Ralph Prichard has been working on a script for a film that follows a character who works for an app start up called Shouldr. This app seeks to offer support and help to alleviate some of the emotional stress and load its users face living through contemporary urban life. The way this speculative app works is once you pay for it, download it, and login, you are connected with a live person on the other side who works as a sort of casual contractor or freelancer to the app, like an Uber driver would. One of these self-appointed workers is Pritchard’s protagonist who is also a student living in the city of London, over-working to the point of exhaustion, as an emotional labourer.
With the feedback of peers and Chris Kraus throughout the institute, Pritchard has taken the time to rigorously work on the particulars of the characters in this fictionalized world and raised the stakes of the situations they find themselves in.
Pritchard’s potent take on ideas of emotional labour as it plays out in our present-day technology laden lives opens up a number of critical conversation threads including what it is to capitalize on making others feel better and why we incessantly require others to convince ourselves of our place in the world.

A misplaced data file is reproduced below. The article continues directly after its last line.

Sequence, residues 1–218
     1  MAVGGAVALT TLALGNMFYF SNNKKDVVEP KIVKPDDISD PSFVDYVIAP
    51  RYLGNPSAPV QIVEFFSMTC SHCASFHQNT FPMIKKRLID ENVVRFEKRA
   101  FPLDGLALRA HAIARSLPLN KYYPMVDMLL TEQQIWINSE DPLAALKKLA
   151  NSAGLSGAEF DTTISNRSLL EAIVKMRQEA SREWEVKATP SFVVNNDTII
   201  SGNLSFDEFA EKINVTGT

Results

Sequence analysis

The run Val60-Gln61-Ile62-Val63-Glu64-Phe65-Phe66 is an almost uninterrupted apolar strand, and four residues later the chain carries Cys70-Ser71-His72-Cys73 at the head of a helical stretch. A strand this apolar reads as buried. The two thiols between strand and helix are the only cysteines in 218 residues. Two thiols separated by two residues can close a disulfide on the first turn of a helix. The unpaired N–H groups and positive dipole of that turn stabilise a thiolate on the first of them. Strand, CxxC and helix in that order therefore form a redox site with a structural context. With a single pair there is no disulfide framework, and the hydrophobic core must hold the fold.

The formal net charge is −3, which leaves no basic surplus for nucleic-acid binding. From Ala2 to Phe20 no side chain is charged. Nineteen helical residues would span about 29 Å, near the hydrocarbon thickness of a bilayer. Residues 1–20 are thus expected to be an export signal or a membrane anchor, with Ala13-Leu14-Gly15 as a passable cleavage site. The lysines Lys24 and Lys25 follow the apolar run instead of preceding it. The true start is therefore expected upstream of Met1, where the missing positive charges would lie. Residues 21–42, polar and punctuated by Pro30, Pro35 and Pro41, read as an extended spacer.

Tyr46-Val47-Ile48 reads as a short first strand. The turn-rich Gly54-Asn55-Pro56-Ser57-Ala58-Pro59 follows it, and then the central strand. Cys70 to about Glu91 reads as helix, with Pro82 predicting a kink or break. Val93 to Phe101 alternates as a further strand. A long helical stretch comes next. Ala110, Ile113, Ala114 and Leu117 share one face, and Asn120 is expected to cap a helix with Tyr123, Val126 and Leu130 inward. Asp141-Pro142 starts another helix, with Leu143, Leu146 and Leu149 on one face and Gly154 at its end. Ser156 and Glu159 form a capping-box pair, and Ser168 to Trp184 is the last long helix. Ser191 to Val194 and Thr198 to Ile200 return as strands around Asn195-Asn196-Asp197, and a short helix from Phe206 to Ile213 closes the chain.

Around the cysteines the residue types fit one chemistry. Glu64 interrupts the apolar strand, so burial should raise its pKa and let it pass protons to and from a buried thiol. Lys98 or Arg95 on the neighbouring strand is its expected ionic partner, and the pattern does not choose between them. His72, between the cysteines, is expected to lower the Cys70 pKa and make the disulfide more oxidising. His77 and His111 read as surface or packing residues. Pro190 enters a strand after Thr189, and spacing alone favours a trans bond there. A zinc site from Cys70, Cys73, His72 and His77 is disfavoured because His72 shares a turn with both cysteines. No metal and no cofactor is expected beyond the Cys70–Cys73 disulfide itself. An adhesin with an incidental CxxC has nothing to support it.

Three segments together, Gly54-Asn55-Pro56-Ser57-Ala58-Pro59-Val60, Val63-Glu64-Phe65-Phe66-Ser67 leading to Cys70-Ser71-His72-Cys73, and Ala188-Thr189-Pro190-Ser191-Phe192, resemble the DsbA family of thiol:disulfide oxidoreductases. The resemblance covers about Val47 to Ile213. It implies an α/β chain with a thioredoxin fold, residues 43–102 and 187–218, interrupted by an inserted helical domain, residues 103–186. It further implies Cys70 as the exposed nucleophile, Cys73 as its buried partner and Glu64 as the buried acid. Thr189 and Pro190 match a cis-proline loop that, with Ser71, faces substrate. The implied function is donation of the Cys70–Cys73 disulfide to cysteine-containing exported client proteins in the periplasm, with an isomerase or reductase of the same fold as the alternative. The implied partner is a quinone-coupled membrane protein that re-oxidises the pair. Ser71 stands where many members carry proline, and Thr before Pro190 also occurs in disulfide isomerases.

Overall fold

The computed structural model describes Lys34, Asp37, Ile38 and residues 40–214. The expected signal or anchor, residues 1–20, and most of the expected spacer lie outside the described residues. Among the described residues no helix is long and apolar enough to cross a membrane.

Pritchard abandoned their film studies in the first year of their post secondary education in favour of a self-taught approach to learning and alternative ways to articulate himself and his ideas. They discussed with me how that route allowed them to gain valuable experience in journalism, curation, and filmmaking.
However, in the coming fall they will be enrolling again in art school. They have used their matured portfolio to apply to an MA program at the Royal College of Art in London. “I’ve got concrete things I can work on and ideas I need space to explore. Crucially, I know what I'm about. I always disliked school so it was important for me to define myself outside of institutions before returning.”
"It was encouraging at the interview stage that the staff at The Royal College of Art seemed like people that are curious about my politics and experiences, not just my ‘practice'" Pritchard asserts.
To close our chat with Prichard, I queried him on what they thinks the world needs more of and to that they responded saying: we need strong, hopeful narratives for the future because society is going to look extremely different in 40 years time. So we need to believe that that change will be positive. How we talk/think/feel about this ongoing crisis informs how we respond to it. Where I live in London more and more artists are taking part in political processes and generally it isn’t burning them out, it’s making them feel more connected. This is excellent. I like to be around other artists, because usually they are struck by the same urgency and uncertainty as I am, but we mustn't let the uncertainty isolate us.